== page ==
Subscribe to my 5 minute video podcast through iTunes, just search for Fearless Cooking

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I live in Brooklyn with a lovely guy who likes to eat and a small corgi mix dog.

Does he do any of the cooking? I mean your guy, not your dog. :wink:

I have my Vietnamese inspired slaw in the fridge, now I need to get onto making my dipping sauce for fried snapper.

Slaw sounds great. Please tell us about the fish. I'm always looking for new ideas for fish.

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I recently ate a whole fried snapper in Puerto Rico that was the best fried seafood dish I've ever had.

The fish had it's backbone removed while leaving both fillets attached front and back. It was dredged then deep fried. THEN they doused it with the special local mojo. It was well cooked, properly seasoned and beautifully presented (with beans and rice of course).

No doubt salt, lime, sugar and garlic were involved. The subtlety was the key.

Edited by catdaddy (log)
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Thanks for doing this Grace, looking forward to seeing what you'll be cooking this week.

Do you have a particular cuisine you come back to most often for your spicy fix? Where do you usually find your recipes, from the cookbooks you said you love to read, or online?

I usually go online for recipes, when I'm ready to cook, even though I love reading cookbooks! I think it has something to do with the rating system websites such as Epicurious offer.

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This slaw can sit for quite awhile, even overnight, but the vegetables give off alot of liquid you might want to drain off. BUT save that liquid, I think it would make a great marinade for chicken. Not sure about that idea of a marinade that's just a theory.

Thanks for blogging, Grace!

One thing you might want to try when making your slaw is salting the cabbage for an hour or so before mixing it with your dressing. As a matter of fact, since you let the dressing marry for an hour or so before dressing the cabbage, the timing would be perfect.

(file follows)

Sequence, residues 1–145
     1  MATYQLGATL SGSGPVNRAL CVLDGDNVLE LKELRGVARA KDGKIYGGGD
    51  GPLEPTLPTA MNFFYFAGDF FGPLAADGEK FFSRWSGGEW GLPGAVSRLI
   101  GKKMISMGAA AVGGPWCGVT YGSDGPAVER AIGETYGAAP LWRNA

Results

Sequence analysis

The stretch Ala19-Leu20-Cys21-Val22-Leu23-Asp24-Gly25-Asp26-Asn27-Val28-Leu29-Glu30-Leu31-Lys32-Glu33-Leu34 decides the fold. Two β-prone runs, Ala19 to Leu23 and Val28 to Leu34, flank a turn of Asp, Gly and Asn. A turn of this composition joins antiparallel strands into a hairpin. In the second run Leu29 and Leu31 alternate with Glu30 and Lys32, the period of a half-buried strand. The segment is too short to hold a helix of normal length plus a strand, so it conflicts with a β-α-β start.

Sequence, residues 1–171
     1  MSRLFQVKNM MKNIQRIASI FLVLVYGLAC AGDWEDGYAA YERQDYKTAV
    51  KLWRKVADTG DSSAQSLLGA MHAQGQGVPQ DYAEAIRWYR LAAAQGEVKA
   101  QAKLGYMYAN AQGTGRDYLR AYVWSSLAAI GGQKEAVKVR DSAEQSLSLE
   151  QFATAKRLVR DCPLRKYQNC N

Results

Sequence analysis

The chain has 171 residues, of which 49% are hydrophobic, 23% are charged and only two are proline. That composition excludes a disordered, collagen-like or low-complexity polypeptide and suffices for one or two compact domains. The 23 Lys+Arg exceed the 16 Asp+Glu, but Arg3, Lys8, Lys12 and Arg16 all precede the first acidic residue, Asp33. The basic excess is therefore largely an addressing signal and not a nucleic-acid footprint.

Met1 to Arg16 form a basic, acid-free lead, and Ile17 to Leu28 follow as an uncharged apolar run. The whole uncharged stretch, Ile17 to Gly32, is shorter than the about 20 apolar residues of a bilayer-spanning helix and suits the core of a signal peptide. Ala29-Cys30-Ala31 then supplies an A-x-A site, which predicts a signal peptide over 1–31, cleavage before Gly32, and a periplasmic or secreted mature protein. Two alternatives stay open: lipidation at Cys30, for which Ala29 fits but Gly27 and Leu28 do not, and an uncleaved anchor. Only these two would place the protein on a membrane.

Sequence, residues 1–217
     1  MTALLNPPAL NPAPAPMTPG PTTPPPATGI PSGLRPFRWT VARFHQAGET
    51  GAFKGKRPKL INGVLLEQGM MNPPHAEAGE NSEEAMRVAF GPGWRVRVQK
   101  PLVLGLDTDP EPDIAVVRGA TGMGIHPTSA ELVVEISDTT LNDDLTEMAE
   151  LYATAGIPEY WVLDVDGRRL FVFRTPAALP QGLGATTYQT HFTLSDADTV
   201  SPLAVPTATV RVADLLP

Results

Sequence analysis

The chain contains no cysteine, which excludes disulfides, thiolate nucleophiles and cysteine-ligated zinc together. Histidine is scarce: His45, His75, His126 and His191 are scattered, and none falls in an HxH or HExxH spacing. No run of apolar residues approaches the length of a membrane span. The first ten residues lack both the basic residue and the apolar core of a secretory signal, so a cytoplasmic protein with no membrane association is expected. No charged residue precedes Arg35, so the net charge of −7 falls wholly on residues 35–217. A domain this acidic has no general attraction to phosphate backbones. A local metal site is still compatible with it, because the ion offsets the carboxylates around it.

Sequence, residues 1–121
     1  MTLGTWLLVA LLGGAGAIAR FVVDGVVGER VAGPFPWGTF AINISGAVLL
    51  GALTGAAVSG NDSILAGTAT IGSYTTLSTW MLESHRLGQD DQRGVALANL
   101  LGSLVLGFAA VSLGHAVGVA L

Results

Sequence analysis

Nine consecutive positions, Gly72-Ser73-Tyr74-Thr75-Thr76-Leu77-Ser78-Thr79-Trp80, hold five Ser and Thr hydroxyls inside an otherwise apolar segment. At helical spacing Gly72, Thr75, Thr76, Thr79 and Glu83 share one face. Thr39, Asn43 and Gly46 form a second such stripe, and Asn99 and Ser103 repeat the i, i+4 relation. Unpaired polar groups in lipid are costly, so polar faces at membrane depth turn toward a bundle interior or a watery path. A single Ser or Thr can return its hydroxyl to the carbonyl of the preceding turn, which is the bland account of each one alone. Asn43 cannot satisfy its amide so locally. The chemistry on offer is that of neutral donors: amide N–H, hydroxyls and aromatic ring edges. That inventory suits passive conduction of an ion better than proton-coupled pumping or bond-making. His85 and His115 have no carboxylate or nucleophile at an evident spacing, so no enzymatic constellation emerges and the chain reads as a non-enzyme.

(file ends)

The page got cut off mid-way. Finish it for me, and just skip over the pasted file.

Simply use a teaspoon or so of kosher salt, toss it with your shredded slaw mix and let it sit in a colander. Right before tossing it with the dressing, rinse and squeeze dry. I think you'll find both a crisper slaw as well as a lot less liquid being thrown off. Give it a try next time and let us know what you think.

Mitch Weinstein aka "weinoo"

Tasty Travails - My Blog

My eGullet FoodBog - A Tale of Two Boroughs

Was it you baby...or just a Brilliant Disguise?

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Now taste for the sweet, sour, salty balance adding more sugar, lime juice or fish sauce as needed. I think this is a skill that takes practice, figuring out how to balance flavors. It will probably need a little more fish sauce or sugar. Go very, very slowly when adding them it. Keep tasting.

I wanted to pull this great point out. Dressings are a great place to figure out these sorts of balances, because you can usually and endlessly adjust with a pinch of this or a dash of that. David Thompson talks about that in his classic Thai Food, and emphasizes tasting as you add each ingredient.

Chris Amirault

eG Ethics Signatory

Sir Luscious got gator belts and patty melts

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Does he do any of the cooking? I mean your guy, not your dog. :wink:

No, all the cooking falls on me, which is more than fine. When I moved in with him I had to have the gas turned on for the stove to work. It had been off for 8 YEARS. No oven, no top burners, no toaster oven. He just ordered food and reheated delivery with his microwave.. for 8 years. :) I may have improved his quality of life.

Slaw sounds great. Please tell us about the fish. I'm always looking for new ideas for fish.

Fish Fillets and Scallops

Salt and Pepper. Dregdged in cornstarch, I normally use flour but I read a Vietnamese recipe online that did it this way and thought I'd try it out.

I quickly cooked the scallops in a little veg oil in a non stick pan, but fried the fish in about an inch of oil.

5138136849_99e229bef3_z.jpg

Fish & scallops by gpiper, on Flickr

I also made a quick quinoa side dish.

You have to rinse the quinoa first. I prefer it to couscous. We aren't big rice fans.

1 cup quinoa, 1 tbsp butter, 2 cups of chicken broth

Bring to a boil, reduce to a simmer and cover. Takes about 10-15 min.

5138725048_61aa6a5cf3_z.jpg

The dish by gpiper, on Flickr

That unappealing smear on the plate is a delicious Date Tamerind sauce made by a friend.

Altogether this was a delicous meal!

Here's breakfast.

Cold quinoa, leftover slaw topped with an egg. I think I did a little better with the photography here.

5139841819_5ee9d8fd8b_z.jpg

Quinoa, Vietnamese slaw and Egg by gpiper, on Flickr

Grace Piper, host of Fearless Cooking

www.fearlesscooking.tv

My eGullet Blog: What I ate for one week Nov. 2010

Subscribe to my 5 minute video podcast through iTunes, just search for Fearless Cooking

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I recently ate a whole fried snapper in Puerto Rico that was the best fried seafood dish I've ever had.

The fish had it's backbone removed while leaving both fillets attached front and back. It was dredged then deep fried. THEN they doused it with the special local mojo. It was well cooked, properly seasoned and beautifully presented (with beans and rice of course).

No doubt salt, lime, sugar and garlic were involved. The subtlety was the key.

That. Sounds. Good! I've never fried a whole fish and I can get them at my local fish monger. I'm lucky to have a great local monger just 3 blocks away. We eat fish once a week. Usually fatty wild salmon or blue fish.